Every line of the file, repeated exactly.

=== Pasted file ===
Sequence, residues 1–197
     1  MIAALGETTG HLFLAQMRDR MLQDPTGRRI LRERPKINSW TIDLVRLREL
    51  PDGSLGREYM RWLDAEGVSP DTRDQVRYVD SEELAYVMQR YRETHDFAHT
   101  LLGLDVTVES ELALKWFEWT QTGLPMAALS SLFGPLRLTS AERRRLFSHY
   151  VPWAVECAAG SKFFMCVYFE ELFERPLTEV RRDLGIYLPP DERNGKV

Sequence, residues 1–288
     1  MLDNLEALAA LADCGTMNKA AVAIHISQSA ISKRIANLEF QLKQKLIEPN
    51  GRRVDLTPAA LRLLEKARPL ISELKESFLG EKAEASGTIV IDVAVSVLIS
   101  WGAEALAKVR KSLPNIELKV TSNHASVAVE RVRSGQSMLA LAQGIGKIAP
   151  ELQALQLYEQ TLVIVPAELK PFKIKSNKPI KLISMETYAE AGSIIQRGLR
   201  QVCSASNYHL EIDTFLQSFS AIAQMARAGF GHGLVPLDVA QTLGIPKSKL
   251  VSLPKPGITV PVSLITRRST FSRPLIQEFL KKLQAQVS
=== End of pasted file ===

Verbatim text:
Sequence, residues 1–197
     1  MIAALGETTG HLFLAQMRDR MLQDPTGRRI LRERPKINSW TIDLVRLREL
    51  PDGSLGREYM RWLDAEGVSP DTRDQVRYVD SEELAYVMQR YRETHDFAHT
   101  LLGLDVTVES ELALKWFEWT QTGLPMAALS SLFGPLRLTS AERRRLFSHY
   151  VPWAVECAAG SKFFMCVYFE ELFERPLTEV RRDLGIYLPP DERNGKV

Sequence, residues 1–288
     1  MLDNLEALAA LADCGTMNKA AVAIHISQSA ISKRIANLEF QLKQKLIEPN
    51  GRRVDLTPAA LRLLEKARPL ISELKESFLG EKAEASGTIV IDVAVSVLIS
   101  WGAEALAKVR KSLPNIELKV TSNHASVAVE RVRSGQSMLA LAQGIGKIAP
   151  ELQALQLYEQ TLVIVPAELK PFKIKSNKPI KLISMETYAE AGSIIQRGLR
   201  QVCSASNYHL EIDTFLQSFS AIAQMARAGF GHGLVPLDVA QTLGIPKSKL
   251  VSLPKPGITV PVSLITRRST FSRPLIQEFL KKLQAQVS